One of the biggest steps any relationship can take, is the decision to move in together. This can be an exciting time for a couple who look forward to cohabiting, however, many fail to put in place precautions and plans for their combined assets should the relationship break down.
One of the biggest reasons for this failure to plan ahead is the common misconception that couples that are living together hold the same or similar legal rights to married couples. In fact, research carried out by Resolution found that 60% of couples believed they had the same protection as a married couple if they were to split up.
Sadly, the concept of a ‘common law’ marriage does not exist in law, and therefore should a split occur and no agreement is in place, there is little in the way of legal protection that can be done (even if you have children).
Of course, no couple moving in together will want to consider the possibility of a break up, but it is good practice to have things in place to make the division of property, finances and childcare fair for both parties should this happen. It can also help to regulate how a couple intend to co-habit together, such as how the day-to-day finances will be managed. So, what are your options from a legal standpoint when living together? We take a look below:
Declaration of trust
This legal agreement applies to property that is owned by a couple as ‘tenants in common’. It will identify what share of the property each will own and can set out how much each owner would receive from a sale in the future. This declaration is of particular importance where the parties have made unequal contributions to the purchase of the property and want to ensure that this is recognised in the event of a separation in the future.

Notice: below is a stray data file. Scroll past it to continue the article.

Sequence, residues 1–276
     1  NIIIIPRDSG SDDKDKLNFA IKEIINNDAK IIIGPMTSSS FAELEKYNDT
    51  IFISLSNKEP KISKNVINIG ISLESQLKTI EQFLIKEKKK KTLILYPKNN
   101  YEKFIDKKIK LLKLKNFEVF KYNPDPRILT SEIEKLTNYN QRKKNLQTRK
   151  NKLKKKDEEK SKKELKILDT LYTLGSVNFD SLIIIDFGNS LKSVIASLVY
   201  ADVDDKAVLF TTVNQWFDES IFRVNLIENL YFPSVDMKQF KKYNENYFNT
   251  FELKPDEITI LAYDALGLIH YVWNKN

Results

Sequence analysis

A cohabitation agreement is a legal document drawn up between an unmarried couple who live together. It can encompass a wide variety of arrangements for dealing with property, finances and children, both whilst a couple are living together and in the event that they separate in the future, including:
- The bills each person will pay
- Support for a partner who leaves work to care for a child
- Child arrangements in the event of a split
- Child support that each parent will provide, above and beyond any legal requirements
- How any liabilities will be dealt with
- Considerations for pets
- How any vehicles or other belongings will be dealt with
- How the property and any equity will be divided, including who will live in the property and pay the bills
- Agreements regarding Life insurance
An agreement of this kind can be entirely unique to the couple, but in order to give the agreement as much weight as possible it should meet certain criteria and therefore it is highly recommended that a couple seek advice from a qualified family solicitor when compiling a cohabitation agreement.
It is not something anyone would like to think of, especially when in those wonderful first days of living together, however ultimately ensuring you a legally protected in the event of a breakup is hugely important. If you would like advice or guidance in this area, please contact the brilliant team at Poole Alcock Family Law today.